Mucosa-associated lymphoid tissue (MALT) tumors of the parotid gland are extranodal non-Hodgkin lymphomas. Stage I and II MALT tumors are usually treated with surgery or radiotherapy. Bilateral MALT-derived non-Hodgkin lymphoma of the parotid glands is rare, and optimal treatment is debatable. Two patients presented at the otorhinolaryngology department of the Friedrich-Alexander-University of Erlangen-Nuremberg, Erlangen, germany. The treatment strategy that was used in case 1 was also successfully used in case 2. A precise diagnosis could not be made by either fine-needle biopsy or intraoperative frozen section biopsy; it was achieved with open biopsy. Surgery and/or radiotherapy proved to be effective. There was no recurrence of disease in either case. The advantages of surgery are complete resection of the tumor and absence of xerostomia and mucositis, which are caused by irradiation. radiotherapy does not produce a scar or an indentation at the parotid region, however, and results in a better cosmetic appearance. Therefore, we recommend open biopsy with facial nerve monitoring and subsequent irradiation in cases in which bilateral prominence of the parotid glands and suspicion of a MALT lymphoma are both present.
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8/180. Intraparotid facial nerve schwannoma.

    Intraparotid facial nerve schwannoma are uncommon. Preoperative diagnosis of parotid tumour as schwannoma is difficult when facial nerve function is normal. A rare case of solitary schwannoma involving the upper branch of the facial nerve is described and the literature on the subject is reviewed.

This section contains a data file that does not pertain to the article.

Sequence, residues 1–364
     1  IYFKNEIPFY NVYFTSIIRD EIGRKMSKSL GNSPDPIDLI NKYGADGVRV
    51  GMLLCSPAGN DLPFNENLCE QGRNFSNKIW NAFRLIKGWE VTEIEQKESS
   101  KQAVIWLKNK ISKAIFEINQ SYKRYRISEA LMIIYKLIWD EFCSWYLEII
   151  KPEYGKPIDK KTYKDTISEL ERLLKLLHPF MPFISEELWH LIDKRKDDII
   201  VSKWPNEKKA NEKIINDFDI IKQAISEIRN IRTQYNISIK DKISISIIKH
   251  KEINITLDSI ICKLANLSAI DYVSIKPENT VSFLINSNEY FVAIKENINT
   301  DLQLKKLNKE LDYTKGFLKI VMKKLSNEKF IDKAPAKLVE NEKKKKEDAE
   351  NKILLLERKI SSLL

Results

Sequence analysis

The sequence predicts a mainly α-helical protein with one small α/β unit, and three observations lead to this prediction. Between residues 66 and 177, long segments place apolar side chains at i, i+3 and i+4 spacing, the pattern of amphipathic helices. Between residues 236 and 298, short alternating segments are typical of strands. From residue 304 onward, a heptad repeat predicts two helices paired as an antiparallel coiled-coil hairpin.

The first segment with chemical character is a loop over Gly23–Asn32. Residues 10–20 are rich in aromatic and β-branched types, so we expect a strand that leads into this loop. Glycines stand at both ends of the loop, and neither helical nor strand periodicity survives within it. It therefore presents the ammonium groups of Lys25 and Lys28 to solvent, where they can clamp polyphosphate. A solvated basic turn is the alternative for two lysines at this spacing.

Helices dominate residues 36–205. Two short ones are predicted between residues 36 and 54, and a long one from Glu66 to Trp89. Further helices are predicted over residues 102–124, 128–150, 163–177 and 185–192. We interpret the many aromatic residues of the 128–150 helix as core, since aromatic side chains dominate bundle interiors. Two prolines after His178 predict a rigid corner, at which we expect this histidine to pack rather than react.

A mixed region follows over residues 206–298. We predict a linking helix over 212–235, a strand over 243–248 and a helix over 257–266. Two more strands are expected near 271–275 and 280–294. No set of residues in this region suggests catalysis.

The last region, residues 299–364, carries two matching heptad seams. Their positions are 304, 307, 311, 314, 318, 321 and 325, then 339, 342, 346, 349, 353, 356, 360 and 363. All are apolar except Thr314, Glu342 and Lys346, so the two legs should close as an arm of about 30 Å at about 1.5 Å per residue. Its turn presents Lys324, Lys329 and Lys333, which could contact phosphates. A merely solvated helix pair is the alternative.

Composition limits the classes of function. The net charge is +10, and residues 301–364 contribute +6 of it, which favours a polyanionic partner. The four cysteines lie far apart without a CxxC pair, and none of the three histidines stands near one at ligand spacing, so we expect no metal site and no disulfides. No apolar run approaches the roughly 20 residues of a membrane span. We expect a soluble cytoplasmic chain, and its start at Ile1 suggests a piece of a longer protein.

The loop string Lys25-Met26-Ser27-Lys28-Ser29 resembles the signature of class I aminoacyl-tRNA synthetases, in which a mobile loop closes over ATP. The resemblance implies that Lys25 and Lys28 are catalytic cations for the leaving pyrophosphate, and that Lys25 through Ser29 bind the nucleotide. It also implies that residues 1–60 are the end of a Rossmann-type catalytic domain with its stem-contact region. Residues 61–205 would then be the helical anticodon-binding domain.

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9/180. Pleomorphic adenoma involving the stylomastoid foramen.

    A rare case of an intratemporal pleomorphic adenoma is presented and the management of such a tumour is discussed. Some anatomical aspects of the facial nerve, pertinent to the pathophysiology of facial paralysis are outlined. This case demonstrates that tumour extension into the temporal bone can be resected successfully at initial surgery with excellent facial nerve functional outcome. We advocate exploration of the fallopian canal to be carried out at primary surgery and be performed by a surgeon familiar with the surgical anatomy of the intratemporal segment of the facial nerve. This approach will reduce the risk of facial nerve injury and palsy both at surgery and subsequently.
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ranking = 4
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10/180. Sialoblastoma.

    Tumours of the salivary gland are very uncommon in children. We present a case of sialoblastoma, a very rare congenital salivary-gland tumour, initially recognised on antenatal ultrasound. After histological diagnosis, a superficial parotidectomy was performed at 21 days of age with preservation of the facial nerve. There is no recurrence at2 years.